In search for personal identity, adoptees push for more access to records

By Kelly McCarthy

March 10, 2014 Updated Mar 11, 2014 at 9:07 AM EST

(WBNG Binghamton) The New York State legislature is sitting on a bill that would give more rights to adopted children. The Bill of Adoptee Rights would allow people access to original birth certificates and medical history once they reach 18.

Julie Larson was born in Johnson City in 1951. Years later, she found out the name her birth mother gave her was Marion Sullivan and that her DNA shows she's Irish.

Now she's advocating for a bill that would give other adopted children like her that information once they turn 18.

"I do feel it would be important to me to fill that gap," Larson said, who now lives in South Carolina, "That's always been a gap in my life and I'd like to know."

Larson has never seen her original birth certificate or any medical history. New York State law does not allow adopted children to access those types of records.

"The birth certificate I have only has the name that I was given by my adopted parents, and the date I was born," Larson said, "And it was issued by Albany so I don't really know what my original birth certificate will say."

The Bill of Adoptee Rights first surfaced in the New York Legislature in the early 1990's, but there's been a constant battle over privacy issues.

"The issue has to do with confidentiality," said Donna Lupardo, D-123rd State Assembly, "And we're debating right now whether or not to amend the bill so that parents who don't want their names release can opt out at that time, and we think that's probably very important for people."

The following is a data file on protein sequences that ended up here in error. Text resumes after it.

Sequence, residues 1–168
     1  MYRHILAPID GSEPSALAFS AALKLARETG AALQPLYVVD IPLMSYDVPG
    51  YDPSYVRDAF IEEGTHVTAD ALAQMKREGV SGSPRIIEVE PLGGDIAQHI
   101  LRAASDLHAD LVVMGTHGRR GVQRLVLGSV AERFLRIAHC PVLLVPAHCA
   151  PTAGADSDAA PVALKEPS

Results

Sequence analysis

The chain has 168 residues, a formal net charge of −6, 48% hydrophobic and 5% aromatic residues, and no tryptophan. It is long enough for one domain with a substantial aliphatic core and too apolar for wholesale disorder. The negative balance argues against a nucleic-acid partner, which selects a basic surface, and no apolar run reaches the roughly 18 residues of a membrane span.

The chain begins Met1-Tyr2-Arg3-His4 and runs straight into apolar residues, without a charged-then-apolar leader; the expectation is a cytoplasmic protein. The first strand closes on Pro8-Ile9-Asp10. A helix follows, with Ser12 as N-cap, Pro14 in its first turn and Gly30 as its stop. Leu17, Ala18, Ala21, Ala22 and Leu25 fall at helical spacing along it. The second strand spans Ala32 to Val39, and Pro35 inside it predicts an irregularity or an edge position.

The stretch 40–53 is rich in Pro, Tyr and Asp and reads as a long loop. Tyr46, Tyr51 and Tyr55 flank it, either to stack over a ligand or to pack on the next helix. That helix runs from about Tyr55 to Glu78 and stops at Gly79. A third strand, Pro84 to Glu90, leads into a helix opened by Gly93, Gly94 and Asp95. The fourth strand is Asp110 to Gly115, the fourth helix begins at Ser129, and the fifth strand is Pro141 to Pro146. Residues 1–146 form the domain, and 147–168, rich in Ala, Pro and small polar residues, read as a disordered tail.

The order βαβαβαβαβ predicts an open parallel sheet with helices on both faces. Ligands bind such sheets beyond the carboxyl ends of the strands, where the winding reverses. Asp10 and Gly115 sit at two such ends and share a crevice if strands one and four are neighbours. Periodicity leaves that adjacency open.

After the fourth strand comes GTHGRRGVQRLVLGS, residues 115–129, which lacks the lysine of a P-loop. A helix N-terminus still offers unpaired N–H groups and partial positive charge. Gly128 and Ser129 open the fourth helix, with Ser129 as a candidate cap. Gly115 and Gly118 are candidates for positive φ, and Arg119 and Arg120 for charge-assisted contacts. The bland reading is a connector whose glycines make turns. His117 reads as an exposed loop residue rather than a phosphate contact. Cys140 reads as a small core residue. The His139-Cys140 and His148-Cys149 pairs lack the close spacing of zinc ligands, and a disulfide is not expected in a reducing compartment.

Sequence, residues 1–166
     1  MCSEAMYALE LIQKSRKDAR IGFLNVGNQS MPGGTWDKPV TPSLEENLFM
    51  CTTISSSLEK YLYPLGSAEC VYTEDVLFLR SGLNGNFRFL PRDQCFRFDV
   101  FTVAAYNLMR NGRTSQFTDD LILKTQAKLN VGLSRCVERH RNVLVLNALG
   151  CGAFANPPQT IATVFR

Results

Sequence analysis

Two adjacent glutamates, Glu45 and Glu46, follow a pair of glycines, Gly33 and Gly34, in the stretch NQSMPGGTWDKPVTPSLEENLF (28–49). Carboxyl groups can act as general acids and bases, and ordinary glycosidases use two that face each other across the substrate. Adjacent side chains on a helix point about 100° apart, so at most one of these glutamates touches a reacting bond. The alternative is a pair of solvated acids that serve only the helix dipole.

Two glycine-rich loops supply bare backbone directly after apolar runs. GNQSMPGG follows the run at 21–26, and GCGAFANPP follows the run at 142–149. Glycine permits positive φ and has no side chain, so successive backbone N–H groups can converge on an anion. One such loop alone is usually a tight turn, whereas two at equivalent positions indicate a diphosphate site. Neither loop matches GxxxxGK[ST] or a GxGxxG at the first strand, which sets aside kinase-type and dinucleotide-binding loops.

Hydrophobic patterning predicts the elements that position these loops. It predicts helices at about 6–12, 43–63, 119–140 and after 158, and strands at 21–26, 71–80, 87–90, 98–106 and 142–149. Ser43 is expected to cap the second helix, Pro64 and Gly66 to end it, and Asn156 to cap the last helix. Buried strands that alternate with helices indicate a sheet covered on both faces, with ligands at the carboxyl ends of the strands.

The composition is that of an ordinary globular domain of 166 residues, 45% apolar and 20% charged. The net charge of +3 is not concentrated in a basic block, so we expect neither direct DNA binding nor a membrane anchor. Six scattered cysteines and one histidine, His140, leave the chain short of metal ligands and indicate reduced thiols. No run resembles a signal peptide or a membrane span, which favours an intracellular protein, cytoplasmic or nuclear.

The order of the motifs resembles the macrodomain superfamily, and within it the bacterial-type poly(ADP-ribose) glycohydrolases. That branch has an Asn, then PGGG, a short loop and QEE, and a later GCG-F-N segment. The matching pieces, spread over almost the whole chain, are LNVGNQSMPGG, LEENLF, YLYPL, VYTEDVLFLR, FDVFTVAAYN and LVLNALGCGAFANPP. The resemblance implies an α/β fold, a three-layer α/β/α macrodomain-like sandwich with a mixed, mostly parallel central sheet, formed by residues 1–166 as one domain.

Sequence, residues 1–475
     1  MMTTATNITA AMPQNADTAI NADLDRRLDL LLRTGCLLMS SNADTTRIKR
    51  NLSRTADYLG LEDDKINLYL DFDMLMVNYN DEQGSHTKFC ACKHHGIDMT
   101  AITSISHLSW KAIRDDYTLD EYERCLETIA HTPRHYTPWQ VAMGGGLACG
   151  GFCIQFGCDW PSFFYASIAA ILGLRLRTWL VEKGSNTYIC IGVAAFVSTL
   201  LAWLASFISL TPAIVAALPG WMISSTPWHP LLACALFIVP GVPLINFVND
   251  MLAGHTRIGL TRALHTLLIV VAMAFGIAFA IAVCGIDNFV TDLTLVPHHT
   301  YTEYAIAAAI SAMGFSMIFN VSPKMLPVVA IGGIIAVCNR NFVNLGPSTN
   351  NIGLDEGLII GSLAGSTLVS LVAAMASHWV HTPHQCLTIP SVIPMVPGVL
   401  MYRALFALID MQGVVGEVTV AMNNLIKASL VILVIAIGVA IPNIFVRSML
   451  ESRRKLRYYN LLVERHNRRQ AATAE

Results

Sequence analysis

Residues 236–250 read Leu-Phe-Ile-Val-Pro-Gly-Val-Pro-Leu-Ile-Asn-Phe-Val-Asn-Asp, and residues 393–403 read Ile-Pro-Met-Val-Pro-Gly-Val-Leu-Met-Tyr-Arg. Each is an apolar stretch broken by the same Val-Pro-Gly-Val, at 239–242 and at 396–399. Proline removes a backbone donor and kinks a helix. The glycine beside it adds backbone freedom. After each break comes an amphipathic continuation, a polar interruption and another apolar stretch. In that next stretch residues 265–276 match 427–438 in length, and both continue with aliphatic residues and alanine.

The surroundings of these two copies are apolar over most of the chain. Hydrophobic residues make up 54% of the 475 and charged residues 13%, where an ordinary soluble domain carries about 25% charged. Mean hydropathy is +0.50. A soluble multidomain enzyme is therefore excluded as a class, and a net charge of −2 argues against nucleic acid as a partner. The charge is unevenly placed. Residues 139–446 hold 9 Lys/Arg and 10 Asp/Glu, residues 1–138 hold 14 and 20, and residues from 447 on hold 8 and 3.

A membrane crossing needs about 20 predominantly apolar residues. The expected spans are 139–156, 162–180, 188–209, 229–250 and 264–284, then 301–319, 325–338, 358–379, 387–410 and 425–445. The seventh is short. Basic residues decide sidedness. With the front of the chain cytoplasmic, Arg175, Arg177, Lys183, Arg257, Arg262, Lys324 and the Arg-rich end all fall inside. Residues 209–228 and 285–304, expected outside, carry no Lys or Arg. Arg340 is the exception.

Supporters for The Bill of Adoptee Rights say having access to basic medical history is part of their equal rights, but others are concerned giving adopted children these documents would go against their birth parent's privacy.

The bill now has 80 sponsors in the state Assembly.

Lupardo said sharing stories like Larson's will help get the final push this bill needs.

"It's been a very highly controversial bill," Lupardo said, "We have debated it over a number of years and we hope that one day we can provide some closure by this compromise."

Larson said one of her struggles with having no access to her medical history was battling breast cancer 10 years ago. If passed, the bill would help out not only adoptees, but children of adoptees as well.

"I have a biological daughter and I did have to go through breast cancer 10 years ago," Larson said, "And so for her to have the medical health care information that I don't have is also important."